Blender 2.71 is released

Written by David Shapton

Everett GuntherGorilla

Blender 2.71, the latest version of the popular and increasingly powerful open source 3D modelling and animation suite, has been released

By Gottfried Hoffmann

The Blender Foundation has released version 2.71 of the popular open source 3D suite. A special focus for this release was to get the path tracing render engine Cycles closer to feature-completion.

Cycles has also got several optimisations and speed-ups for CPU rendering. For example: scenes with transparent shadows, which render up to 50% faster. Scenes with many light sources can benefit from the “sample all indirect” option in the branched path tracing integrator, which should produce less noise.

Cycles has got support for several new features as well. Motion blur is now available for deforming objects and volume rendering can access data from the smoke and fire simulation.

While the latter enables the user to render both smoke and fire in Cycles, there is no real user interface yet, which is planned for version 2.72.

Image textures now support different interpolation modes. Before, the only mode available was Linear, while the user can select from nearest neighbour up to cubic. The latter option is only available when using the Open Shading Language (OSL) backend.

Shaders

Accessing UV maps is more straightforward now thanks to a dedicated node. Shaders now can be adjusted by the number of times a ray has passed a transparent surface which is useful for speeding up the rendering of hair and plants in general. The main new feature for Cycles is baking. This process is storing lighting and shading from the photorealistic Cycles rendering engine in image textures. Those can then be used in less realistic but faster render engines like they are used in games and other real-time environments.

The Freestyle line-rendering engine now supports textured strokes. Supported are image textures and the procedural textures offered by the Blender internal render engine. For image textures Freestyle has defined a special convention of storing the start and endcap of a stroke.

The sorting of the Freestyle lines can now be defined by the user. This way, artefacts from non-optimal line ordering can be avoided.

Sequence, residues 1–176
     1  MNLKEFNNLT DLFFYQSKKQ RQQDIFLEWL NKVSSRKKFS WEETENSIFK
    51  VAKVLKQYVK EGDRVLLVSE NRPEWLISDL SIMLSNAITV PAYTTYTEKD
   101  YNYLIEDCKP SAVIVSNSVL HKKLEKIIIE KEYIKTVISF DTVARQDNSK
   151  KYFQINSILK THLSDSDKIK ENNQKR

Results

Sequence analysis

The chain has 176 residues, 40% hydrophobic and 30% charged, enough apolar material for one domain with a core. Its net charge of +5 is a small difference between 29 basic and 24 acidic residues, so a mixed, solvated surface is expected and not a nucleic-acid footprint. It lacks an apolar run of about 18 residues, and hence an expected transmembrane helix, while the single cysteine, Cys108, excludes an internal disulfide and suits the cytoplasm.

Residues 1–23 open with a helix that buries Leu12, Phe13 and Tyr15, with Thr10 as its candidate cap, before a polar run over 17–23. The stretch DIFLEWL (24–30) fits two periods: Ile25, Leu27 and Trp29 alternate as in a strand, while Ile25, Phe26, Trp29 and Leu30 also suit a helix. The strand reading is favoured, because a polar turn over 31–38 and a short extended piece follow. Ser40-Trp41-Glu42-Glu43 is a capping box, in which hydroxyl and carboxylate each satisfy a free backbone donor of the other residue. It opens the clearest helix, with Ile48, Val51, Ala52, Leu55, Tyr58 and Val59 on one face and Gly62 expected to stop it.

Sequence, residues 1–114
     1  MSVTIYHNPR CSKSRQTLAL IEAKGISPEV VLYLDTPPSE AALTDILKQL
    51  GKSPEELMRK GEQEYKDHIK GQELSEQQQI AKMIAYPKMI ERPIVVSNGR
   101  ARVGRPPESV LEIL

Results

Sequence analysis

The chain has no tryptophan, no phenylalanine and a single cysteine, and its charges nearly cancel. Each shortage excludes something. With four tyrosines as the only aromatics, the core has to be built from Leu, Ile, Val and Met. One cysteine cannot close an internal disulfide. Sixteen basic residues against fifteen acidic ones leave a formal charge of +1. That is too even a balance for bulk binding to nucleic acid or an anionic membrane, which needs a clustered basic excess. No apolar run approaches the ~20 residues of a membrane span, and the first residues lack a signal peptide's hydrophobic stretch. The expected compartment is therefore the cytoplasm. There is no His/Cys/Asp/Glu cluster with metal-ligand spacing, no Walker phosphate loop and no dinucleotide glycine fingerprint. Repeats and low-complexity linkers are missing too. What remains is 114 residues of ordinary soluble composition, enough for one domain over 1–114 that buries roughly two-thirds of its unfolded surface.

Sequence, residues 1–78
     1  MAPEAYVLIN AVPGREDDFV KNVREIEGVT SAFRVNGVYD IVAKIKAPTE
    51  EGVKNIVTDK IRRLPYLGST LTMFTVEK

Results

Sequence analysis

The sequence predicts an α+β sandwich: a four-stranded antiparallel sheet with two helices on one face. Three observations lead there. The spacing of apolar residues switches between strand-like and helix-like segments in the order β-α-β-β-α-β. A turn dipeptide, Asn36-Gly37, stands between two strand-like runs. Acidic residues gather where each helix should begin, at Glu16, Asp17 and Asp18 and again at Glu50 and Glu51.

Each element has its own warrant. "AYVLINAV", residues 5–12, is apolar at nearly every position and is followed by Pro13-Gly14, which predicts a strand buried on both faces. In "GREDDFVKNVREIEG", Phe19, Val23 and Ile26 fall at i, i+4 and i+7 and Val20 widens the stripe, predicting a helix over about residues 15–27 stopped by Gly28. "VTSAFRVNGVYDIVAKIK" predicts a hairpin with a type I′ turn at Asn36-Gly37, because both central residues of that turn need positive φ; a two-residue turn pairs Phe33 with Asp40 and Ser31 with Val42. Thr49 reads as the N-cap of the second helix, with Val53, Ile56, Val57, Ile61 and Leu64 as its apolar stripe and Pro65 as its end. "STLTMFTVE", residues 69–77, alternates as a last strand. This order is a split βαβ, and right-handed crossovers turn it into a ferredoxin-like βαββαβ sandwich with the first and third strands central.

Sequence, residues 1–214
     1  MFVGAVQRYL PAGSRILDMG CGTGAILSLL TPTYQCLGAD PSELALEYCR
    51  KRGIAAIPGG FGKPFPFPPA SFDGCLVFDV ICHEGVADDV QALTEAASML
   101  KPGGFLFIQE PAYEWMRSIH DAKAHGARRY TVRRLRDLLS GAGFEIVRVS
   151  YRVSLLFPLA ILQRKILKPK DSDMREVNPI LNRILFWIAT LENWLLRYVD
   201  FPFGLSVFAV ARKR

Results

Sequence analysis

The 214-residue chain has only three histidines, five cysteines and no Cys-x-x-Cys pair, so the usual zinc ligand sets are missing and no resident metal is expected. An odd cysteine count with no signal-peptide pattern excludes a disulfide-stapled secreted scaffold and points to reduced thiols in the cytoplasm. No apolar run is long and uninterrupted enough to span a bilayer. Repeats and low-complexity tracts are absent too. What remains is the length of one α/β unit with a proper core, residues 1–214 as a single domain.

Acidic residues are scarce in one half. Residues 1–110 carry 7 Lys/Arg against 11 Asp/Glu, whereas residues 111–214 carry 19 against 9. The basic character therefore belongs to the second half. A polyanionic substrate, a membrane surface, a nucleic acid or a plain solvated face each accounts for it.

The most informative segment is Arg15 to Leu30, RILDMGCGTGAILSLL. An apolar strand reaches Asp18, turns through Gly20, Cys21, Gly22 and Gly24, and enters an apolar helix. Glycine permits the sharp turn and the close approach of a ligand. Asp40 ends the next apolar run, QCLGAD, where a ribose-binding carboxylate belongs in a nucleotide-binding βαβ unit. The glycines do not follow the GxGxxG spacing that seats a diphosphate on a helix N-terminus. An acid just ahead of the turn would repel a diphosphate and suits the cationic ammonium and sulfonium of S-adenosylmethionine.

Dynamic topology sculpting now supports drawing with constant detail sizes. In earlier versions, the detail size was dependent on how near or far the user had zoomed in, which is still available as an option. A tool similar to the colour picker allows users to select the level of detail for sculpting from existing portions of the object.

Animation

The animation system has got a set of easing functions that can be set individually for the ease-in and ease-out of animation curves. These are particularly useful for motion graphics where artists now can create harmonic or bouncing animations with only two keyframes.

Masking in both image and movie clip editors has got support for different handle types. Before, the handle type was fixed to a special kind of spline handle, but now normal bezier handles and vector handles for sharp corners are supported as well and can be set individually for every control point. Plane tracks can now be hidden and a new distortion model for lens types with a very high distortion like the lenses used on the GoPro cameras has been added which can be selected in the lens panel of the movie clip editor. When automatically setting up a scene, newly created objects are no longer placed on the shadow layer but on the layer that was last active.

This article only gives an overview of the larger new features. In addition, a myriad of small features and improvements has been added and hundreds of bugs have been fixed that existed in previous versions. Blender 2.71 is available for Windows, Mac and Linux in both 32 and 64 bit from http://www.blender.org/.

 

By Gottfried Hoffmann

 

Tags: Post & VFX

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